On returning to Manhattan after the Hampton tour, Gryce settled near to his former colleague Art Farmer, with whom he was to collaborate in a most productive quintet. In 1957 further memorable recordings were made with a group led by Thelonious Monk ('Monk's Music'), which Gryce described as one of the hardest and most humbling sessions he had known - in stark contrast with mostly first takes being used for an earlier 1955 session involving Monk. The Jazz Laboratory name, used previously for play-along records, was revived and shortened into the Jazz Lab Quintet, co-led by Gryce and trumpeter Donald Byrd. Oscar Pettiford made use of Gryce as player, composer and arranger for a couple of sessions which echoed the small orchestra Gryce had used for some French Vogue recordings. Some of the last jazz recordings Gryce made were in 1960, when he fronted a blues-oriented quintet which introduced the exuberant trumpet talent of Richard Williams.
After less than ten years in the jazz limelight Gryce decided to withdraw to the relative 'anonymity of the Long Island school system,' as jazz critic Ira Gitler critic put it. There has been much speculation as to the reasons for Gryce's sudden departure from the mainstream jazz scene, but it appears that a variety of influences and circumstances contributed to this: psychological pressures, business and publishing interests, and personal tragedy. It is often overlooked that Gryce was one of the first black musicians to form his own publishing company in order to have control over his and fellow musicians' creative output - many of the prominent black jazz musicians of the day were with Gryce's Melotone publishing company. It became clear, however, that Gryce couldn't buck the deeply ingrained system of record companies controlling (at least in part) music publishing rights as part of recording deals. Upon retiring from active involvement in the jazz scene suffering from a variety of psychological pressures, Gryce turned instead to music teaching (predominantly instrumental) - and such was his devotion that there exists a school in The Bronx named after him (PS53 Basheer Qusim School). He also married again and his second wife Ollie took his Muslim surname Qusim - it is believed that whilst in Paris, Gryce changed his name to Basheer Qusim on converting to Islam. He died of a massive heart attack upon recuperating in the town of his birth, Pensacola, on 17th March, 1983. The Jazz Society of Pensacola recently held a celebration of his music and life featuring a talk and performances and it is hoped to make this available on the website too.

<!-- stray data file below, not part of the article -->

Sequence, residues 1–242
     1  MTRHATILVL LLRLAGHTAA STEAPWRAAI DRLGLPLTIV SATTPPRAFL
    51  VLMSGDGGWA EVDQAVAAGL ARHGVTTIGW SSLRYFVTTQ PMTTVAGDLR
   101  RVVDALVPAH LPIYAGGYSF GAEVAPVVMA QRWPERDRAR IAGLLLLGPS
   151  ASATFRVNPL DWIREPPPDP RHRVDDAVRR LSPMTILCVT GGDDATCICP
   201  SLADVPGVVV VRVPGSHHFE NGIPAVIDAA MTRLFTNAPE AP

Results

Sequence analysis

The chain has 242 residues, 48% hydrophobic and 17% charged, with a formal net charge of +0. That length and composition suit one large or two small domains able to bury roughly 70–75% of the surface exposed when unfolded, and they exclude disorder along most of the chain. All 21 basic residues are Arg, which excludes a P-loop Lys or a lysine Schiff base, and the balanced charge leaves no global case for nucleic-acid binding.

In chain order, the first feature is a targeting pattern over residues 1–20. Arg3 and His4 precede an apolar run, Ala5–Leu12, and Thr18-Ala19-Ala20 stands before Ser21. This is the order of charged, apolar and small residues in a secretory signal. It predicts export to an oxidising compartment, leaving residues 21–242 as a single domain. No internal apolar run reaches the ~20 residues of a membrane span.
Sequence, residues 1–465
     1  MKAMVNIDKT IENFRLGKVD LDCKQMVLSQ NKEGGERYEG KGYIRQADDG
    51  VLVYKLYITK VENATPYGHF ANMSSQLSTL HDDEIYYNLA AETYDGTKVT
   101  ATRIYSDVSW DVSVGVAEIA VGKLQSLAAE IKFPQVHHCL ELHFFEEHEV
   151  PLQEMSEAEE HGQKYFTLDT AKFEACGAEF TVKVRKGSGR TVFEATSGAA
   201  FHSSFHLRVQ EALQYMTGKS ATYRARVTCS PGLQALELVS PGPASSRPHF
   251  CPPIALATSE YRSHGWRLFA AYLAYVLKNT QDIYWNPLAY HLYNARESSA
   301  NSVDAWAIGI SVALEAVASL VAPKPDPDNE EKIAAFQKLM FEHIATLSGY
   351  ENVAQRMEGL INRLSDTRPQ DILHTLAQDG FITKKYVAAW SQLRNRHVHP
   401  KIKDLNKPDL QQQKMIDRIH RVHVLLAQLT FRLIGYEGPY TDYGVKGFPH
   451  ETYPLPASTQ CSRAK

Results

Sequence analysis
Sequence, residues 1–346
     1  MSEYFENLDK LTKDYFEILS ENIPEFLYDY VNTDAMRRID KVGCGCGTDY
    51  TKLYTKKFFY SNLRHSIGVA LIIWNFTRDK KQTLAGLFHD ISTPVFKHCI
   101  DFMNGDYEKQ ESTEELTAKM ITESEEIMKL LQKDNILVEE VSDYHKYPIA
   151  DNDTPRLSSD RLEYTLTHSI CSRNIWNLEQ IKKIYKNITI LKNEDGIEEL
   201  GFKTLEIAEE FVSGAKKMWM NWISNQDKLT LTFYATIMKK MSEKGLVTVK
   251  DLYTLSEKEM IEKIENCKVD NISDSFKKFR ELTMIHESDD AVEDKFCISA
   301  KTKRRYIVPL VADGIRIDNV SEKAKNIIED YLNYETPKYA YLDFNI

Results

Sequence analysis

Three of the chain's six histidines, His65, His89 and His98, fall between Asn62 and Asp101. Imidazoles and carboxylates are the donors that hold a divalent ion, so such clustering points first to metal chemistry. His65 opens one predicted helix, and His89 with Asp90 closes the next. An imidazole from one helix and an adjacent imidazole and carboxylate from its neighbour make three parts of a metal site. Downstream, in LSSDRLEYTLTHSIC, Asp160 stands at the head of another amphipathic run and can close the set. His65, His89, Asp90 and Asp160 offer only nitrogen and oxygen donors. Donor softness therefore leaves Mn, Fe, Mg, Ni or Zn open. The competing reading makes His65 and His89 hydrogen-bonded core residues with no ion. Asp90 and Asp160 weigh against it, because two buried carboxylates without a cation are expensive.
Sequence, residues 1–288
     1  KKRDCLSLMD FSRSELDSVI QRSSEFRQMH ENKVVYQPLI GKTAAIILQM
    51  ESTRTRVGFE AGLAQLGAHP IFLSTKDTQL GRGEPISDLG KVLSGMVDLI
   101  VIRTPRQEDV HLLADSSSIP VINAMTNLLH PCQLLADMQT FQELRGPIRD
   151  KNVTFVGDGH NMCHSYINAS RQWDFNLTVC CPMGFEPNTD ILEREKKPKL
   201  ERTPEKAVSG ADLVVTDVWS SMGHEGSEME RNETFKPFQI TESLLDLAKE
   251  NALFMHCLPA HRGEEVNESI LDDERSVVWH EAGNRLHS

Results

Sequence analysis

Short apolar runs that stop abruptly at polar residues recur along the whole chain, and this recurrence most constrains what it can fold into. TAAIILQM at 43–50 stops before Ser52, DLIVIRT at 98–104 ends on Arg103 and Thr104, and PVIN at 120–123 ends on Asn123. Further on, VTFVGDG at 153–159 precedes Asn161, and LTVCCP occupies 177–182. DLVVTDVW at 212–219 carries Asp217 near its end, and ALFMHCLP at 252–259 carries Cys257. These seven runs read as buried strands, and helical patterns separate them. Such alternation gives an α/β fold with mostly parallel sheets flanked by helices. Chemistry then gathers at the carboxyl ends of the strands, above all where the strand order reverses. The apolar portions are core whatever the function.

The definitive book on Gryce, written by Noal Cohen and Mike Fitzgerald, is now available, in a revised edition entitled 'Rat Race Blues'.